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Health care reform opportunities and challenges

For highly diverse population with many languages

 Set on a gritty corner of Oakland's International Boulevard, the nonprofit Street Level Health Project offers free checkups to patients who speak a total of 22 languages, from recent Mongolian immigrants seeking a doctor to Burmese refugees needing a dental exam.

It also opens a window on one of the challenges for state leaders who are trying to implement the Affordable Care Act, President Barack Obama's sweeping health care overhaul.

Understanding the law and its possibilities for ordinary citizens is a task even for politicians and bureaucrats, but delivering its message to non-English speakers who can benefit from it is shaping up as a special complication. That is especially true in places

with large and diverse immigrant populations like the Bay Area, where about 1 million people live in households where the primary language is something other than English.


Even deciding what to call a health insurance program generates angst in a polyglot state. California's health-care insurance marketplace staff is testing "Covered California."

That would be "California Cubierto" in Spanish, but "what does it mean?" asked Laura Lopez, the Street Level clinic's executive director.

But the main feature of health care reform -- the state's health insurance exchange opening next year -- will require consumers to contrast and compare the features and costs of a range of private health insurance policies to select the one most

suitable for them.


That could be a tall task for native English speakers, but more so for residents who speak English "less than very well."

Zaya Jaden, a 35-year-old from Mongolia visiting the Oakland clinic, said she would not know how to translate it into her native language. Advocacy groups say the state should translate it into Arabic, Armenian, Chinese (Mandarin and Cantonese), Farsi (Persian), Hmong, Khmer (Cambodian), Korean, Russian, Tagalog and Vietnamese.

Jaden was in the clinic getting free care for her sister's migraine, a much higher priority than considering how the expansion of the nation's social safety net through the Affordable Care Act might benefit her.

"It was a good idea that Obama had, but I don't know if it will work for me," said Jaden, who has private insurance for her family through her job as a laundress at an Oakland hotel and makes too much money to qualify for Medicaid. She has questions about what health care reform might mean for her, asking "how could I pay my rent" if she took lower pay to qualify for an insurance subsidy.

Jaden's questions demonstrate the cultural and language hurdles for California and several other states as they build exchanges -- or health insurance marketplaces -- and try to extend coverage to ethnic and hard-to-reach populations.

California has the largest minority population of any state, about 22.3 million people. Texas follows with 13.7 million, New York with 8.1 million and Florida with 7.9 million.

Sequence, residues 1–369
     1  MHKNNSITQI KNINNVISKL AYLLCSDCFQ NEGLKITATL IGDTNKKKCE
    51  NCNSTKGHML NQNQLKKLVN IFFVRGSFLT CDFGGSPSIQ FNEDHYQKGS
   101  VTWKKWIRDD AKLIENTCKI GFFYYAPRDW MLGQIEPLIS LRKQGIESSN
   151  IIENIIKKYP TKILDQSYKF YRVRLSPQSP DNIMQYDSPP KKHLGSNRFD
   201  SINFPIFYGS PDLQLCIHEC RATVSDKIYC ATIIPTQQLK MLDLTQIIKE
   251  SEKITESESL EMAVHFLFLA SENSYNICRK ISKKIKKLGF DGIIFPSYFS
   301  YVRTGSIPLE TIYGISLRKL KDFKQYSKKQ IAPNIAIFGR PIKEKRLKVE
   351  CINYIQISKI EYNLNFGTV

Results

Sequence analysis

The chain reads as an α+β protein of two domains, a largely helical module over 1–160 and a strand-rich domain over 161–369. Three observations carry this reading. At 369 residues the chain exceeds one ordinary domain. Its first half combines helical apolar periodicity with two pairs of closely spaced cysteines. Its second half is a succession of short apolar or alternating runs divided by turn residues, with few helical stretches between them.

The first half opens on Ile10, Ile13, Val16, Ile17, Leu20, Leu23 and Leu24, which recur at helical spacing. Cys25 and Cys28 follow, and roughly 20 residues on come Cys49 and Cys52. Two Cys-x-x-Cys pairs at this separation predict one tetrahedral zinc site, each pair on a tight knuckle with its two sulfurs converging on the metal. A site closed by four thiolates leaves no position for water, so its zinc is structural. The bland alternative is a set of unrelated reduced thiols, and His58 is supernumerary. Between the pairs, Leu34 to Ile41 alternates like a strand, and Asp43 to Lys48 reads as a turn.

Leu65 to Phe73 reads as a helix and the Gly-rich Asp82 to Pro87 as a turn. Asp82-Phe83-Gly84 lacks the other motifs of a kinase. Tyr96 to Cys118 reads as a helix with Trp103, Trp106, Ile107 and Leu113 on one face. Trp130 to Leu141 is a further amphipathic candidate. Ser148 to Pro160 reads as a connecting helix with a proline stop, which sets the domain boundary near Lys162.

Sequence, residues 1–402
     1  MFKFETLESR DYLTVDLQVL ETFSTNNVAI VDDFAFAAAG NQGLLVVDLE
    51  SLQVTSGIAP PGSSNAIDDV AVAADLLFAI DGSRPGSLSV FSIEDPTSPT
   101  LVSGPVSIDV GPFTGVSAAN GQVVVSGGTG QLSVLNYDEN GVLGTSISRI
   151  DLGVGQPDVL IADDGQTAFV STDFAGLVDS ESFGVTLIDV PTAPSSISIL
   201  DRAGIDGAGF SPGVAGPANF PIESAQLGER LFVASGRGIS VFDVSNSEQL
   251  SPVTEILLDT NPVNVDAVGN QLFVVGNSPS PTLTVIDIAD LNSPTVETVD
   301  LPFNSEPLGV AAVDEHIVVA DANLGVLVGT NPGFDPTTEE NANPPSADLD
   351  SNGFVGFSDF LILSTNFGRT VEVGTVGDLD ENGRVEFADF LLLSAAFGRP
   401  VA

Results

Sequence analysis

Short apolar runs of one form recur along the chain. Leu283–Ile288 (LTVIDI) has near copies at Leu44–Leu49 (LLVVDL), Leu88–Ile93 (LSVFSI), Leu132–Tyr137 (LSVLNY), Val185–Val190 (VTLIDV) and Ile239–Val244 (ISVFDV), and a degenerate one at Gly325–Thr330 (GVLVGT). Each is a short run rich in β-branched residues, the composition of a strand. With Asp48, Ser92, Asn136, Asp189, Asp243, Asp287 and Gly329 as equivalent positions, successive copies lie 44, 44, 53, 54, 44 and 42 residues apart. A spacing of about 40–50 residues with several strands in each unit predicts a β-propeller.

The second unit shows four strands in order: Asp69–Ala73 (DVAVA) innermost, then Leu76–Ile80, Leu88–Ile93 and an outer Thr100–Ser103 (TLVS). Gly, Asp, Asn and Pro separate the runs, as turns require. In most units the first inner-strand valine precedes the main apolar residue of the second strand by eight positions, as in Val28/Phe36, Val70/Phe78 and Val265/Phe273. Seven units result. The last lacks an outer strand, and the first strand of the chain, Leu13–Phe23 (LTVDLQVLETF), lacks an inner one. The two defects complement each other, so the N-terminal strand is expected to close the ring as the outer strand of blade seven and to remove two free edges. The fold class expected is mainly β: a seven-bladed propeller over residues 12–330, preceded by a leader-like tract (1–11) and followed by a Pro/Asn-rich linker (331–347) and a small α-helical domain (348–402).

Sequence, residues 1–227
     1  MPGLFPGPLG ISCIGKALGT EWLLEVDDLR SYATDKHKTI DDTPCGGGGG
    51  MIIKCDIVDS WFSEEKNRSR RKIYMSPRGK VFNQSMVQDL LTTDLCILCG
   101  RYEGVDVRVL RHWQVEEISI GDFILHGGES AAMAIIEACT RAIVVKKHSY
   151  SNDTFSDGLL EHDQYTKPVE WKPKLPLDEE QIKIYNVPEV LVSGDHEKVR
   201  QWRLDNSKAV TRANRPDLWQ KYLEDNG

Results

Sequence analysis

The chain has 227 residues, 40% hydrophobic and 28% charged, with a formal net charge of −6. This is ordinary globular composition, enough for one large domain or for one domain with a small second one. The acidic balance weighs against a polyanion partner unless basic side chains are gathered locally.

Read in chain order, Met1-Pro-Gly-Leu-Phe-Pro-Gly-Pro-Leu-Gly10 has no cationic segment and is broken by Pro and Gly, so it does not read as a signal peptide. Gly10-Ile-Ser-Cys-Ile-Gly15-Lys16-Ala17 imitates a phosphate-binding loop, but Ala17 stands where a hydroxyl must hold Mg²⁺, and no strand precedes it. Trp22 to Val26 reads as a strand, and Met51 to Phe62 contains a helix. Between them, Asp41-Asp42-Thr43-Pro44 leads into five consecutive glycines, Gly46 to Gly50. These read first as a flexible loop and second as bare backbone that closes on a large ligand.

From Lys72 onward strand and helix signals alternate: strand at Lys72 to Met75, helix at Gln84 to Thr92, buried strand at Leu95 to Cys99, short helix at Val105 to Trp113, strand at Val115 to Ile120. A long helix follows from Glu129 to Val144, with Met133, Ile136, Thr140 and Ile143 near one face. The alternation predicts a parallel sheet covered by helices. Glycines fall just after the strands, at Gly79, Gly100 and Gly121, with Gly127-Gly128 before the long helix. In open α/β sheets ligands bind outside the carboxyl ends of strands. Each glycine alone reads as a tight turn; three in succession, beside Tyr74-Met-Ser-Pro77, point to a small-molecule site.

The U.S. Census estimates that nationwide more than 55 million people speak a language other than English at home. Nearly 63 percent of those are Spanish-speakers. Chinese languages were the third most common.

Five other languages have at least 1 million speakers: Tagalog, French, Vietnamese, German and Korean.

In California, roughly 1 million of the estimated 2.6 million adults who will be eligible for federal subsidies in the health-care exchange

Loan Truong, left, who is Vietnamese, has blood drawn by Rechyle Torio, right, a phlebotomist, Friday, March 1, 2013 at International Community Health Services in Seattle. (AP Photo/Ted S. Warren) (Ted S. Warren)

speak English less than very well, according to a study by the California Pan-Ethnic Health Network and the UCLA Center for Health Policy Research and the UC Berkeley Labor Center.


The nine county Bay area itself counts some 1.1 million people who speak English "less than very well" according to 2007-2011 American Community Survey estimates.

With such diversity, the report authors said the success of health care reform hinges in large part on the cultural and linguistic competence of the state's outreach and enrollment.

Advocates disappointed by the name Covered California are hoping the board selects a name that will be simple to understand and translate.

More importantly, they want Covered California to launch an inclusive marketing and outreach campaign that goes well beyond just English and Spanish to at least 10 other languages. Other groups have requested the exchange, at a minimum, add the two main Chinese languages.

California's exchange isn't shying away from the challenges.

It will use new federal funding to support a multi-language campaign, build a network of community-based assistants who can guide people to the right health plan and multilingual call centers.

It is making $43 million available competitively for community- and faith-based groups, nonprofits and local governments for outreach and education grants.

Oscar Hidalgo, the exchange's communications director, said the state's health exchange website,, is being created in a way that permits adding more languages later. The exchange, he said, first needs to launch an introductory website.

"It's very challenging to put together a website that's consumer friendly in English, and then to do it in 13 languages is a very, very big task," he said. "We don't have all the answers at this moment, but we're going to find them."

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